Drive“My mother said to me, ‘If you become a soldier, you’ll be a general, if you become a monk you’ll end up as the pope.’ Instead, I became a painter and wound up as Picasso.” – Pablo Picasso

Resumes and online applications do wonders for delineating a skill set or two along with some quality training acquired at a candidate’s last place of employment. Background checks validate their employment history and criminal records. What about passion?

Of course, candidates will always say they are “passionate” and “driven” during interviews. However, because applicants start practicing for their interviews as soon as they apply, you can’t really know how truthful they are until after you’ve hired them. Deloitte found that passionate workers – or “explorers” in the study’s terms – are 17 percent of those in management positions. So, then, how can you look for those candidates who are truly passionate for their job?

Passions in Passionate Candidates

This doesn’t mean candidates should follow their passion in their career, like their mothers told them all of their lives. Sebastian Klein suggests that jobseekers shouldn’t do what they love, but rather learn to love what they do. Following their passions however, can help them land a job. Speaking about their personal passion — be it rockhounding in forest creeks or photography — can shed light on their cultural fit. Considering 43 percent of HR professionals believe cultural fit is one of the most important qualities in a candidate, hiring a well-rounded individual can play a part in the success of a new hire. Well-rounded employees demonstrate leadership potential and an interest in maintaining personal development as well as professional advancement. Shelley Hood, information technology independent consultant, says,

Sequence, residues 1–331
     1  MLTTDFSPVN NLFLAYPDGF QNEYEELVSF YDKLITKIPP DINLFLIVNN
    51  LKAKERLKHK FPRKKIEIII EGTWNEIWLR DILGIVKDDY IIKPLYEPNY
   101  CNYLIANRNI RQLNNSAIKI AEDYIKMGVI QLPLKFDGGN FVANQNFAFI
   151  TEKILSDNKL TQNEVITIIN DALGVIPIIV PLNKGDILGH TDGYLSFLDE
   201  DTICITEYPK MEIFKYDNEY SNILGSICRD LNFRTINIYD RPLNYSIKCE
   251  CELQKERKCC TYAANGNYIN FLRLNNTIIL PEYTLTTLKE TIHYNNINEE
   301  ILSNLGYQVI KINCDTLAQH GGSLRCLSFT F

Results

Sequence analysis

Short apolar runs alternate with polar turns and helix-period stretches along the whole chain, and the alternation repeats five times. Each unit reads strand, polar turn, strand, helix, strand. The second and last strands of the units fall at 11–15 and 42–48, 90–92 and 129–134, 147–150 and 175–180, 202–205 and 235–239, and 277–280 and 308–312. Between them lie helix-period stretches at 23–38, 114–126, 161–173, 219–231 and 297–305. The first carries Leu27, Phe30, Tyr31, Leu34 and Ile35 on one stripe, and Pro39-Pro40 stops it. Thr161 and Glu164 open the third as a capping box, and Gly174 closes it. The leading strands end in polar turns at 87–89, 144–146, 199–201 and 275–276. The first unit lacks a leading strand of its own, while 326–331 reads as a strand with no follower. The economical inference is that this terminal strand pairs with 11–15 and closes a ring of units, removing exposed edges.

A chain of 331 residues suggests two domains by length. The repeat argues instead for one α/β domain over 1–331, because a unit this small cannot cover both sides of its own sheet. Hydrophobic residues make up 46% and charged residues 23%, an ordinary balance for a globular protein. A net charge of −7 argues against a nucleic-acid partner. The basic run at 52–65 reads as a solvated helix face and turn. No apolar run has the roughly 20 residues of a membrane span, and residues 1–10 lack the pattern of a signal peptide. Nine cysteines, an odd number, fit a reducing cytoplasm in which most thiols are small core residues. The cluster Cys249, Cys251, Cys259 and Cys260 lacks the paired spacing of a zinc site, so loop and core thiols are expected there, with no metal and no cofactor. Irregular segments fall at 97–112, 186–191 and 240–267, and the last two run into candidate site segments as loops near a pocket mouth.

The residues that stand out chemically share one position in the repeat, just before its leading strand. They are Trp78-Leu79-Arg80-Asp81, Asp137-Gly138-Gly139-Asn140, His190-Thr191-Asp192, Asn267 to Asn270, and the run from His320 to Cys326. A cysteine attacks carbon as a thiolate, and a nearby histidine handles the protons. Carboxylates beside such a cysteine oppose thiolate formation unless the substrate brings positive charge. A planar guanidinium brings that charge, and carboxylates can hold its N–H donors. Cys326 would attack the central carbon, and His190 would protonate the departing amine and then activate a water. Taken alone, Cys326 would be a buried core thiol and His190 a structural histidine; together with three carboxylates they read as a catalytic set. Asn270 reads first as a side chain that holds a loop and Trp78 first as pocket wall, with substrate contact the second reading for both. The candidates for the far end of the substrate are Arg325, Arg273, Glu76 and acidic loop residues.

“After many years of leading an entrepreneurial company I was able to witness firsthand the magic of passion. It truly is amazing what people can accomplish when they’re allowed to walk through the door and be themselves: happy; excited; angry or frustrated. Human juices flowing.”

Millennials look for jobs that stimulate their passions, however unrealistic that notion might be. It’s not just millennials, though. Although the feeling of responsibility used to fuel the need for employment, fresh graduates are now more inclined to work for companies that help to fuel their passions in and outside of work. Companies that don’t necessarily inspire employees to follow their personal and professional passions tend to have retention problems. Knowing what is important to your employees will help keep them inspired at work and increase employee engagement.

Passion Doesn’t Fill Gaps

As wonderful as it would be for college students to major in engineering, math, computer science, or any STEM degree, really, that’s just not happening. College students – 37 percent of them – are majoring in liberal arts or education instead. They are following their passions instead of following the job vacancies. This has a major impact on the job market. With the increasing demand for IT specialists, engineers, and the like, candidates who followed their passion instead of getting that technical degree have a harder time landing a job.

Even still, according to the Census Bureau, 74 percent of STEM graduates don’t go into STEM related fields, regardless of the wide variety of job opportunities. The passion for learning skills in these highly specific fields could be the biggest factor in the decreasing number of technical graduates. Cognizant, an IT company, focuses on challenging younger Americans to develop their passion for learning. It’s no accident that the company just so happens to be in the science, technology, engineering, and math field.

Candidates who use their personal passions to fuel their passion for their jobs are the ones who end up being the most successful and have the most opportunities in the workplace. Even though STEM graduates aren’t necessarily going for STEM jobs, they still use their passions to fuel their enthusiasm at work. As Picasso’s mother told him – in not so many words – as long as he was passionate about his profession, he’d go far. He ended up becoming one of the most studied and well-known painters of all time.

How far will your candidates’ passions take them in your company? Are you willing to help them develop personally and professionally?

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